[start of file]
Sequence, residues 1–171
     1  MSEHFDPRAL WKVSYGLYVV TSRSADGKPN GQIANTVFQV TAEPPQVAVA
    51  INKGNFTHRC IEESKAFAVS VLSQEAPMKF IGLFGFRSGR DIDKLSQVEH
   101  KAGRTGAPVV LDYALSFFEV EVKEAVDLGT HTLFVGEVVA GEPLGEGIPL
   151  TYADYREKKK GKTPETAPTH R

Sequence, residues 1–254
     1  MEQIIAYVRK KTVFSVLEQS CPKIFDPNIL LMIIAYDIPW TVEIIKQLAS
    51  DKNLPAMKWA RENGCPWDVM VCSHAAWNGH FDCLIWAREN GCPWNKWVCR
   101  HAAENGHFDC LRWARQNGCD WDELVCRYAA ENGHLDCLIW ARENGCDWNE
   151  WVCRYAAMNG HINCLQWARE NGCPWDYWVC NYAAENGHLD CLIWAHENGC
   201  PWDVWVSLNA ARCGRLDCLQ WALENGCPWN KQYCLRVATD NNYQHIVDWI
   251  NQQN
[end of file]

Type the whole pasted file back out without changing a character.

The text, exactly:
Sequence, residues 1–171
     1  MSEHFDPRAL WKVSYGLYVV TSRSADGKPN GQIANTVFQV TAEPPQVAVA
    51  INKGNFTHRC IEESKAFAVS VLSQEAPMKF IGLFGFRSGR DIDKLSQVEH
   101  KAGRTGAPVV LDYALSFFEV EVKEAVDLGT HTLFVGEVVA GEPLGEGIPL
   151  TYADYREKKK GKTPETAPTH R

Sequence, residues 1–254
     1  MEQIIAYVRK KTVFSVLEQS CPKIFDPNIL LMIIAYDIPW TVEIIKQLAS
    51  DKNLPAMKWA RENGCPWDVM VCSHAAWNGH FDCLIWAREN GCPWNKWVCR
   101  HAAENGHFDC LRWARQNGCD WDELVCRYAA ENGHLDCLIW ARENGCDWNE
   151  WVCRYAAMNG HINCLQWARE NGCPWDYWVC NYAAENGHLD CLIWAHENGC
   201  PWDVWVSLNA ARCGRLDCLQ WALENGCPWN KQYCLRVATD NNYQHIVDWI
   251  NQQN